By: Christopher Sirota, CPCU
Many cities have restricted restaurants to outdoor dining because of the COVID-19 pandemic. To keep customers cozy during the evenings and cooler weather, some places have reportedly been using outdoor heating lamps. Some individuals are also seeking to stay cozy with outdoor heaters for their homes.
As a result, reports Slate, online searches for heat lamps at a popular furniture website increased by 70% compared to last year, and outdoor space heater vendors are seeing interest from consumers as well; since traveling away from home is temporarily limited due to the pandemic, consumers likely are spending more time in their backyards and have greater use for these products.
Slate.com describes the two types of outdoor space heaters typically used in hospitality settings and some considerations during the pandemic as follows:
Configuring heaters for a certain space can be tricky given social distance and fire safety guidelines. Though it’s certainly safer than indoor gatherings, crowding multiple tables around a single unit increases the risk of coronavirus transmission. Some restaurants are finding that they have to mix and match different kinds of heaters to maximize warmth while ensuring distance. Stand-alone patio heaters—the ones that look like street lamps—tend to be cheaper, foreign-made models that use propane tanks; you can easily find them at [major home improvement retailers]. Higher-tier heaters, which can emit heat over a larger radius, often require installation into a wall or ceiling, and have natural gas piped in.
The Ontario Government has released safety guidelines for restaurants to help mitigate both fire risk and the dangers of carbon monoxide poisoning when using outdoor space heaters. Of note, the safety guidelines explain that propane fuel tanks should be stored outdoors, heaters should not block exits nor be used within a tent, combustible hazards like umbrellas and tablecloths that are often located near heaters should be removed, and heaters should not be positioned on uneven sidewalks, on grass, or at the edge of an elevated platform.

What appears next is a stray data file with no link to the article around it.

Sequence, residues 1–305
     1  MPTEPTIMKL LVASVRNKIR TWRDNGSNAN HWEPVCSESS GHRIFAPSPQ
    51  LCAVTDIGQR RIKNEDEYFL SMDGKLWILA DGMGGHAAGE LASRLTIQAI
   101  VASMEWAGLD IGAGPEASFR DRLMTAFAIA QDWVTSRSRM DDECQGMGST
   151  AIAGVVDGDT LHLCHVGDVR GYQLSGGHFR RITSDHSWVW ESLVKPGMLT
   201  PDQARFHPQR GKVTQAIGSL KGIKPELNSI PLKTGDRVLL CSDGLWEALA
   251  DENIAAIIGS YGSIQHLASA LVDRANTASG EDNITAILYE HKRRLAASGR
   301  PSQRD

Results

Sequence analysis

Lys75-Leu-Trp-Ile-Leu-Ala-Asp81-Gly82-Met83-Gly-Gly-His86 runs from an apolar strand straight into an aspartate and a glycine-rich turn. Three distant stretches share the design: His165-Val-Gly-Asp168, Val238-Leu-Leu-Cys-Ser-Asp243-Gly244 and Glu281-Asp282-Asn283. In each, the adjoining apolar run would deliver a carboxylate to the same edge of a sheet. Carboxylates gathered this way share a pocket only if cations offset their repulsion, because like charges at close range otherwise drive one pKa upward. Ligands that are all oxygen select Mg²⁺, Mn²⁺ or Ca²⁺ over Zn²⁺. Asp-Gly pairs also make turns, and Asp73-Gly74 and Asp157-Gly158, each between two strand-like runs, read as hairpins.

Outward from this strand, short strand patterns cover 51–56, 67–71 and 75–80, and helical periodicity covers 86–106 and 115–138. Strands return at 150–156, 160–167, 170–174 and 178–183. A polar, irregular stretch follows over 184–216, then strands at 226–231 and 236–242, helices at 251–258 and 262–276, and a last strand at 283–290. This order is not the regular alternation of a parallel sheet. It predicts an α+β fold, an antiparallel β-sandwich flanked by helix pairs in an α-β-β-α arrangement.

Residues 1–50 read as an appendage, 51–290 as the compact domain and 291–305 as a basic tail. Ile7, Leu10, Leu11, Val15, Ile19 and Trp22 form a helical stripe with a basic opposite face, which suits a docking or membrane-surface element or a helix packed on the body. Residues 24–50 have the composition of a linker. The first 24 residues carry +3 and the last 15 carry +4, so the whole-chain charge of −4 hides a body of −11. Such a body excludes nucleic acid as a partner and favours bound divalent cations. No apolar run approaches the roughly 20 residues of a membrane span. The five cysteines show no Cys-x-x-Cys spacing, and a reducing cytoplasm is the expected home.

A related Axios article adds that the increase in use of outdoor space heaters may also slightly increase greenhouse gases (GHGs). The article first notes that the National Restaurant Association conducted a survey which found that about 50% of responding full-service restaurants plan to use outdoor space heaters to prolong outdoor dining during the pandemic as the season gets colder. Also, as examples of increased demand, per the article, a propane seller in New York City has reported that sales have increased by 200% (to about 250,000 tanks per month); a large retailer's sales of heaters are also up by 1,500%.
Regarding potential impact on the climate, Axios explains that, although propane is considered to be one of the cleaner fossil fuels, a propane-fueled space heater still contributes carbon emissions, similar to natural gas. Though the emissions are reportedly minimal, Axios sought to estimate the possible carbon contribution, and roughly determined that, if 50% of the approximately one million restaurants across the U.S. began to use outdoor space heaters, "such heaters could create 1.5 million tons of carbon dioxide emissions per year, which is 0.02% of today’s emissions."
Relatedly, the New York Times has reported that these environmental concerns relating to use of outdoor heating tools, in part, are why France has announced that heaters used by cafes and restaurants on outdoor terraces will eventually be banned.